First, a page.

Team Activities During "Stay-At-Home" Season

I’m a 10-year coach of a community-based team that meets year-round and my co-coach and I are struggling to figure out what we can be doing to keep continuity and support for the team during this time.

Our team was 2 days before our second District competition when things closed. At least we had one competition, unlike many other teams. But it was a young team and they’re struggling a bit to move on.

We’ve been meeting once a week on Zoom just to touch base (4 weeks now). I send out a survey to find out how people are doing and if they’re ready to pick things up again. During the meeting, we do any announcements, a status check, go over the survey results and do a breakout room team builder. About 60% of the team is showing up - and probably 40% of the mentors. About half of the team is active on Discord during the week - playing Minecraft, etc.

As a coach, I think it’s critical that we keep the Thursday night meeting - it’s the stability that people need right now, even if the energy needed to show up is too much. They know they can if they have the energy to do it. I am concerned with keeping the team engaged and somewhat cohesive - critical if we end up doing normal camp/outreach activities during the summer and continuing on through the fall.

However, we need to move off the talking meetings to some doing meetings. I figure we could spend $100/student to do some activity together since we won’t be doing a State Competition. People don’t really want to commit to doing a lot of work - they’re coping with online school, online work, uncertain closures.

Any suggestions? What are your teams doing?

Linda
Coach Team PyroTech 3459
NC

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If anyone in your team likes CAD, you could participate in the F4 CADathon and Robots to the Rescue. Signups for the CADathon are open until April 11th I believe. Robots to the Rescue has started, and it’s going until May 15th. You can always look up online tutorials for CAD, like the Onshape Learning Center. You can also CAD just for fun, like a chess set or something similar. (If you couldn’t tell, I’m a bit of a CAD nerd.)
Students could also sharpen their programming skills. Codecademy is a good one, and one of our mentors came up with a Swerve Simulator if you’d like to try that.

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Hi Linda!
From doing Zoom meeting for the past few weeks, this is what I’m finding seems to work.

First, all of your concerns regarding summer practice and staying engaged are valid. Have you shared them with student leadership? While some people may disagree, I believe that if a concern isn’t sensitive information, it needs shared with student leadership.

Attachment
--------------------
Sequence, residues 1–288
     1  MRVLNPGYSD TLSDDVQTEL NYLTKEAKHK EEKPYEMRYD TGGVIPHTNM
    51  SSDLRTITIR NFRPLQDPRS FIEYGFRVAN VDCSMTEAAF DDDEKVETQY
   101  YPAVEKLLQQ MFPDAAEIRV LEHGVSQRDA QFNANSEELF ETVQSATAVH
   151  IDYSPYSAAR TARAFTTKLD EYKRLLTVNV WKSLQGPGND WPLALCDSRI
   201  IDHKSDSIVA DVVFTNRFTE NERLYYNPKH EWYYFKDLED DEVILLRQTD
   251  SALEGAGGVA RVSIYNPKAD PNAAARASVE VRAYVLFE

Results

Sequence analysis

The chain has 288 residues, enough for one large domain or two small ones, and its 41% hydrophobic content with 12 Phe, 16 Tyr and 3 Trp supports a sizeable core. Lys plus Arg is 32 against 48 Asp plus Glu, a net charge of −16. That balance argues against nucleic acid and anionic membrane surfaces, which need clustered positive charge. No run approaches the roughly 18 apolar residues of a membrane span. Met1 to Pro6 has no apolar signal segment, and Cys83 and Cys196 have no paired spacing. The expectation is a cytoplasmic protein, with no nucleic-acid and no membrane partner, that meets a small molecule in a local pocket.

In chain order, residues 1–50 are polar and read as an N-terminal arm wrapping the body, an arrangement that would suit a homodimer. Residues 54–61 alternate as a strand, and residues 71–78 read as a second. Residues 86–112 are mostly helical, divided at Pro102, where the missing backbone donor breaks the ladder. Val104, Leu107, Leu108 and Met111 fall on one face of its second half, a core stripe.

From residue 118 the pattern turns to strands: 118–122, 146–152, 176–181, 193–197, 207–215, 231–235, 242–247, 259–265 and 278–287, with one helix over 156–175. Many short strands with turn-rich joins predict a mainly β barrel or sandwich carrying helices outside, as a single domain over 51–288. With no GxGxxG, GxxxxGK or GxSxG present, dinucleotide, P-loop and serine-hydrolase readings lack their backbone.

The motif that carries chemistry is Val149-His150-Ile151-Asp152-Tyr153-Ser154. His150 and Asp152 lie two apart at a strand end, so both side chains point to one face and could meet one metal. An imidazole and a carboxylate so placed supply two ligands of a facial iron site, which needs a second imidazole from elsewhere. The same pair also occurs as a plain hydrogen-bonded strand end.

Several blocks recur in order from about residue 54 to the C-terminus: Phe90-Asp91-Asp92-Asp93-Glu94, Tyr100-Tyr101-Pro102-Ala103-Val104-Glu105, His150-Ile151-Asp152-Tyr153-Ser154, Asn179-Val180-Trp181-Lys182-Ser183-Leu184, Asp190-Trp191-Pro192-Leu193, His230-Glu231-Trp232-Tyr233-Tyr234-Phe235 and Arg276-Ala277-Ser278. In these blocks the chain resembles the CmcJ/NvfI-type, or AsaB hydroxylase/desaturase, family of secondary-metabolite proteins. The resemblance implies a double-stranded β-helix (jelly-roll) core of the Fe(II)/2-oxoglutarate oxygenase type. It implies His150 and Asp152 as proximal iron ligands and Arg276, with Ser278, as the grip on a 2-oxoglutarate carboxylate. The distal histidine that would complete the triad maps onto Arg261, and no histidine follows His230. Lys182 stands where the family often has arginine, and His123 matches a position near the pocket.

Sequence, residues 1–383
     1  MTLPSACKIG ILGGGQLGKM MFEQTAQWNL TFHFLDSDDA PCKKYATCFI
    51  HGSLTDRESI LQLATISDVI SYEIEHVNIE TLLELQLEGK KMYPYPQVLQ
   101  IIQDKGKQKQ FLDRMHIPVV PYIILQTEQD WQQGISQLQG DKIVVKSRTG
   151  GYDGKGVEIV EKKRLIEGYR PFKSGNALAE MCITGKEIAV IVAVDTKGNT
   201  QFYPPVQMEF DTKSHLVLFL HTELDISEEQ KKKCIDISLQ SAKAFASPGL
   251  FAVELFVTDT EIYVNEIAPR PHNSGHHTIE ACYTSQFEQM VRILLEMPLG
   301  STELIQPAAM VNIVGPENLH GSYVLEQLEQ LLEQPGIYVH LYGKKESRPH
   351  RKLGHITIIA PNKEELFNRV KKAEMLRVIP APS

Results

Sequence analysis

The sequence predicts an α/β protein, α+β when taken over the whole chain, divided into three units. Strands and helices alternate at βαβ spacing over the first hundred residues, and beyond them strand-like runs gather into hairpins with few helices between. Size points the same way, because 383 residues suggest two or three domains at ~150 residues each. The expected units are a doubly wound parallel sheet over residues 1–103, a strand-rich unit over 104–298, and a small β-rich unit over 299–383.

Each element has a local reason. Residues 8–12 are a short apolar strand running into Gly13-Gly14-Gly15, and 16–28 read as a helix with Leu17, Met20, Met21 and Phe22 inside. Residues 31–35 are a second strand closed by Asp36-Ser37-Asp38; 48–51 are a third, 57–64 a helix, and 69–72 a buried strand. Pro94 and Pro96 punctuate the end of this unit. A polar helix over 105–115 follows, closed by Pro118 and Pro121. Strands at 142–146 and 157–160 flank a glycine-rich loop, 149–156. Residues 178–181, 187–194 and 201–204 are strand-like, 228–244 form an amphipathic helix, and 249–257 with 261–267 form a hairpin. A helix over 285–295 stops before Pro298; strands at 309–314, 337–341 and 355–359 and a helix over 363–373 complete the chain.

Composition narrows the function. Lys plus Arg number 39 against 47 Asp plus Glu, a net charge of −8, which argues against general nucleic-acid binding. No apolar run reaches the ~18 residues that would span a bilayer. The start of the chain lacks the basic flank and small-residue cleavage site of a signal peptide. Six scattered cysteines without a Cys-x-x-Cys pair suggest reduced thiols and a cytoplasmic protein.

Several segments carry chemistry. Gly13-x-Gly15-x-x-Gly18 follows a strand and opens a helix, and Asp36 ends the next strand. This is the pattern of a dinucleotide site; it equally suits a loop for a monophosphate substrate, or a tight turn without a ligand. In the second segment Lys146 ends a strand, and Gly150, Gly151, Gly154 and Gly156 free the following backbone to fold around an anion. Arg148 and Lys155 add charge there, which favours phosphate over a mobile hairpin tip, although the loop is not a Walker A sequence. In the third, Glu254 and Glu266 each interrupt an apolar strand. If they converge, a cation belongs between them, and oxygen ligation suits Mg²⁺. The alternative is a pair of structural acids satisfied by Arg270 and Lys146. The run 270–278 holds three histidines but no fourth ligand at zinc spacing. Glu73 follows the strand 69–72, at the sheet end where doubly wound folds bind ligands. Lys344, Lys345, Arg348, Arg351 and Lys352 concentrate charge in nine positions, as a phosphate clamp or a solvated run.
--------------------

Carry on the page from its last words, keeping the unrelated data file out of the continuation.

“Hey everyone, as a coach, I am concerned about ________. Here are the reasons _________. While this season didn’t go as planned, we have an opportunity to flourish if we take advantage of this situation. However, I can’t do it without you. Why? Because we need ideas.”

By directly bringing you concerns to student leaders, you not only build trust, but you get more minds working on the problem. Kids are pretty dang smart, they just don’t always have know a direction to go (I certainly didn’t).

Next, the team (or just leadership, your call) talks about what we could do better in the future. We (meaning mostly students, because it’s easier to keep them engaged if they have to do most of the talking) identified some of our weak points this past year and have put different groups in charge of each project. These groups can focus on designing a ways to strength these areas. Here are some of the areas of weakness we identified.

Overall team:
Recruiting and Retention
Task Management

Mechanical:
CAD work - Not everyone has CAD computers, so we mainly have work on one computer.

Programming:
Teaching materials - Programming decided their goal during this time would be to develop teaching materials for future generations.
Rewriting the robot code - For experience, doing mainly through screen sharing.


We plan on doing some full team exercises, like a mock-design. Another idea would be to have some guest come and speak about specific areas. This shakes up the crowd a little bit. I’ve already done a few talks to different teams about java programming and would be happy to do another if you wanted.

If you have any questions, feel free to ask!